Labour Market Trends

Canada sets a new job-creation record in April

Overall Labour Market

Employment and Unemployment

Canadian labour markets roared back to life in April after modest job losses in March. Driven by gains in construction and in wholesale and retail trade, April’s record-setting jobs numbers are a sigh of relief for an economy that struggled out of the gate in 2019.

The Canadian economy added 106,600 net new jobs last month (an increase of about 0.6 per cent), blowing past expectations after a loss of about 7,200 jobs in March. With modern data going back to 1976, that increase represents the most jobs Canada has ever created in a single month. For the first time ever, there are more than 19 million employed Canadians.

April’s excellent jobs numbers, combined with healthy growth in January and February, mean that year-over-year employment growth is accelerating. Employment is 2.3 per cent higher than it was 12 months ago – representing the creation of about 426,000 jobs over that period.

With such a large increase in employment, there was cross-the-board good news for other major labour market indicators as well. Labour force participation jumped two basis points to 65.9 per cent – its highest level in almost two years. The employment rate (the share of working-age Canadians with a job) rose to 62.1 per cent – its highest level since January 2009. The only surprising result is that because of the surge in the number of Canadians looking for work, the unemployment rate only fell by one tenth of a percentage point to 5.7 per cent.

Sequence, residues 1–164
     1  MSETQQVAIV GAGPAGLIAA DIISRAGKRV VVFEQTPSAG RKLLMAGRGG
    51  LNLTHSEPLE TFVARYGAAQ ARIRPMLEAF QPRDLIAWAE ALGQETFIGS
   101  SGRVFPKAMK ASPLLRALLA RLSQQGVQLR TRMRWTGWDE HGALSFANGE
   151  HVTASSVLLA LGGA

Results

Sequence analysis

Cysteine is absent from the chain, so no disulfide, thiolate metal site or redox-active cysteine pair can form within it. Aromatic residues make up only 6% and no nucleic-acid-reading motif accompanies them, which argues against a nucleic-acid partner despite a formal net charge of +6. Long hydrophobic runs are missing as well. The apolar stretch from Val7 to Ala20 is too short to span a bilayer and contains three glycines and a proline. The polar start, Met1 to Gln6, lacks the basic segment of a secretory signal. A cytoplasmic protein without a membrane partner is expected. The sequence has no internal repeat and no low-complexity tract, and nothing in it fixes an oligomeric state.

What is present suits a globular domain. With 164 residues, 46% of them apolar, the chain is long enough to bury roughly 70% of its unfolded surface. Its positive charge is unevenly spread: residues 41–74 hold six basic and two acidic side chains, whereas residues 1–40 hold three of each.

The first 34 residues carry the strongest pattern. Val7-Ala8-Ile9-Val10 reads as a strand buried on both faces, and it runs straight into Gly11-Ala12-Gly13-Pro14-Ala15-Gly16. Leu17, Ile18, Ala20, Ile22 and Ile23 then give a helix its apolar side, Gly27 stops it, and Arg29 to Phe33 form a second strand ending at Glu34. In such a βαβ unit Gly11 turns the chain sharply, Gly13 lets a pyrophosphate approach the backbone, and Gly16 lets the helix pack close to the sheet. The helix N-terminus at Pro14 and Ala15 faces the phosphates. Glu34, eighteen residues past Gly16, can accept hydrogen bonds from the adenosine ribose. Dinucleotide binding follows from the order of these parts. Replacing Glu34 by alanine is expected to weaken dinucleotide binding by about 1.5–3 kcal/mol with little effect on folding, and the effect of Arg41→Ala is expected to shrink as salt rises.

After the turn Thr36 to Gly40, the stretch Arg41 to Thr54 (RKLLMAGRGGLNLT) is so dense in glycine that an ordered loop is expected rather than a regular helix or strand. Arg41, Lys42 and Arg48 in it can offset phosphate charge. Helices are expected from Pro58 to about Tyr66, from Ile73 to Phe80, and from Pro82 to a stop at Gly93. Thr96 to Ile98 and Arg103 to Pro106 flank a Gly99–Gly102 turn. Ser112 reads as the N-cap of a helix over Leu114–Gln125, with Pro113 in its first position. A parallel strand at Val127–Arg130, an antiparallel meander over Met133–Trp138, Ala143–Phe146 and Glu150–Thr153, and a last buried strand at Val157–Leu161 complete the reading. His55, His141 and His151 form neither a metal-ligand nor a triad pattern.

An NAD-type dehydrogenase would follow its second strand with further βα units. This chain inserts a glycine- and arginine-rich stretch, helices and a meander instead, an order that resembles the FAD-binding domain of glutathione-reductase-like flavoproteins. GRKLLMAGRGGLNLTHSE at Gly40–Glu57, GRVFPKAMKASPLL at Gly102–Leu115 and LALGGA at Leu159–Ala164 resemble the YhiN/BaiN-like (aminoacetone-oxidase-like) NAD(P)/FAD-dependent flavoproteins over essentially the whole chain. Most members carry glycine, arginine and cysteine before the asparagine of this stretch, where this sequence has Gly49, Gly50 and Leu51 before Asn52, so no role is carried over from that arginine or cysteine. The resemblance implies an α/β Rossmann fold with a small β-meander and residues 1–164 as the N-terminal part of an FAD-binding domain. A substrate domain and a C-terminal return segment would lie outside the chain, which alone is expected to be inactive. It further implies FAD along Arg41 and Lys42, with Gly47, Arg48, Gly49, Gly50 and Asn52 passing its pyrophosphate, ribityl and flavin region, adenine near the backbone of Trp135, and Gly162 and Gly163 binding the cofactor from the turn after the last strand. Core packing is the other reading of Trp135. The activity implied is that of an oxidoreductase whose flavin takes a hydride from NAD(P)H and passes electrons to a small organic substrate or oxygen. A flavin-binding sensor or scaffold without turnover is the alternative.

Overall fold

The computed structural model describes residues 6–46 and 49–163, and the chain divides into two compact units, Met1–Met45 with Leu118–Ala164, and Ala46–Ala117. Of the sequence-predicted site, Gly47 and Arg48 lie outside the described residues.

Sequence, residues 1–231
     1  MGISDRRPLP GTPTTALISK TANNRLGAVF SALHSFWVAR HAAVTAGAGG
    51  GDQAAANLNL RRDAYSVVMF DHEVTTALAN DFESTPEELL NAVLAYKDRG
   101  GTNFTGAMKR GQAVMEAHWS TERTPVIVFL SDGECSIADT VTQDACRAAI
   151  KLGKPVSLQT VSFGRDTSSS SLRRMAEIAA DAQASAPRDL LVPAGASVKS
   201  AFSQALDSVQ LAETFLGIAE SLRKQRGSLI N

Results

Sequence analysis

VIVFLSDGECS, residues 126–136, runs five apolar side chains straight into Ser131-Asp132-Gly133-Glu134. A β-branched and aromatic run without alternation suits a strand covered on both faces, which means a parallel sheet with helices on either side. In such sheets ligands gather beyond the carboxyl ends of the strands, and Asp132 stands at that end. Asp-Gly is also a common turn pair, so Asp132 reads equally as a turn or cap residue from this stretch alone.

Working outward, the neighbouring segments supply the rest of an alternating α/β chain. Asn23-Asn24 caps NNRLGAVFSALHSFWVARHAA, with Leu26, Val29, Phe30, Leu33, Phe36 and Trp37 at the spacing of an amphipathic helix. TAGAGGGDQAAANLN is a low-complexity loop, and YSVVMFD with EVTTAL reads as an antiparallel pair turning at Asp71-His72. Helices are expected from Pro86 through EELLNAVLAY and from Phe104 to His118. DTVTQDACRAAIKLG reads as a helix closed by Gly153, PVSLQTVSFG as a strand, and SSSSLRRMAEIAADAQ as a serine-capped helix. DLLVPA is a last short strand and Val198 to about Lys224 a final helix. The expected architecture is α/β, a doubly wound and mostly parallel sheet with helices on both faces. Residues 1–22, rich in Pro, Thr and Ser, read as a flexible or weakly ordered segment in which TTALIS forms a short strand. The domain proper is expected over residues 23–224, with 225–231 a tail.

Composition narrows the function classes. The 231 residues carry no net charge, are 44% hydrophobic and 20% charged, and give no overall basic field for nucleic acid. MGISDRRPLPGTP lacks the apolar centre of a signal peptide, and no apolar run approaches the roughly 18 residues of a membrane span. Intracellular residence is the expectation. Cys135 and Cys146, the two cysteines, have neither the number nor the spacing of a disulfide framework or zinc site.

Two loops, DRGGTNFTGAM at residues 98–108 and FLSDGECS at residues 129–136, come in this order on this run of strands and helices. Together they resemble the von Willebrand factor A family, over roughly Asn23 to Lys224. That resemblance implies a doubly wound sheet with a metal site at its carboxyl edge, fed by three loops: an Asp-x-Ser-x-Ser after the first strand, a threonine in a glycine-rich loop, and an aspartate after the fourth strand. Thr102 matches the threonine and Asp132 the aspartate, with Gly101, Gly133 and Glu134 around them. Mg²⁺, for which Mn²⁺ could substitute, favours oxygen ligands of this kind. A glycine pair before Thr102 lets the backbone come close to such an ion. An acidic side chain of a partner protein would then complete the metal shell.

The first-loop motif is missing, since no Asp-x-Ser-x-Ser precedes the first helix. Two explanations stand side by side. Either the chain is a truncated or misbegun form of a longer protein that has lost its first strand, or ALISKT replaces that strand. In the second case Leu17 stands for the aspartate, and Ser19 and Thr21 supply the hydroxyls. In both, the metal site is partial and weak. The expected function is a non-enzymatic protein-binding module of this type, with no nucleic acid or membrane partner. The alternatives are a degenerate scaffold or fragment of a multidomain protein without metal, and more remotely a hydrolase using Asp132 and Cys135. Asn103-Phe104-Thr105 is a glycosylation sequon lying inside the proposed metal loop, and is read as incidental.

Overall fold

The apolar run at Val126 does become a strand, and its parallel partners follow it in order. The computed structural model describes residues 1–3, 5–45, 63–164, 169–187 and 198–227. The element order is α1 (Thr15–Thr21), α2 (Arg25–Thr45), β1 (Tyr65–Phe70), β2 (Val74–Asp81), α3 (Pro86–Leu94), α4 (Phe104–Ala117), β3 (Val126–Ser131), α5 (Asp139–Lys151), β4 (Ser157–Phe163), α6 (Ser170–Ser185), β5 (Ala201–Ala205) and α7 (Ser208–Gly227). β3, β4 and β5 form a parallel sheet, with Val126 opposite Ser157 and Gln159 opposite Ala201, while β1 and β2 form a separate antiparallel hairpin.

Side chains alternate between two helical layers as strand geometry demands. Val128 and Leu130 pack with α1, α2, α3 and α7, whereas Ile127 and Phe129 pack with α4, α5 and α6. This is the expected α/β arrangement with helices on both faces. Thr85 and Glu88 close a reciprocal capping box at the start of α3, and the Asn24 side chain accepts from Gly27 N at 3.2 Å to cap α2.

Finally, most of the 100,000-plus jobs created in April were in full-time positions. There were 73,000 more full-time jobs across the country compared to March, while part-time employment rose by 33,600 positions.

Wages

With labour markets strengthening, there was a modest uptick in average wages across the country in April. Year-over-year wage growth has been slowly accelerating since bottoming out last November; it reached 2.5 per cent in April. If labour markets continue to remain this strong, average hourly wages are likely to continue to pick up in the months ahead.

The strongest wage growth across the country was in Manitoba, followed by Quebec.

Employment by Province

April’s job gains were concentrated in three provinces – Ontario, Quebec and Alberta. In terms of the absolute number of jobs created, Ontario led the way, adding 47,100 net new positions – an increase of about 0.6 per cent compared to March. For their part, Alberta and Quebec posted lower numbers, but higher percentage increases. There were about 37,900 new jobs in Quebec last month, with another 21,400 positions created in Alberta. In both cases, those figures represent an increase of about 0.9 per cent compared to March.

Meanwhile, employment was down in most of Atlantic Canada as well as in Manitoba. New Brunswick lost about 3,900 jobs in April, giving back all of its gains in March. Employment also fell in Nova Scotia (2,100 jobs) and Newfoundland and Labrador (1,500 jobs). In both cases, those declines represent a partial climbdown from recent strong growth.

Employment by Industry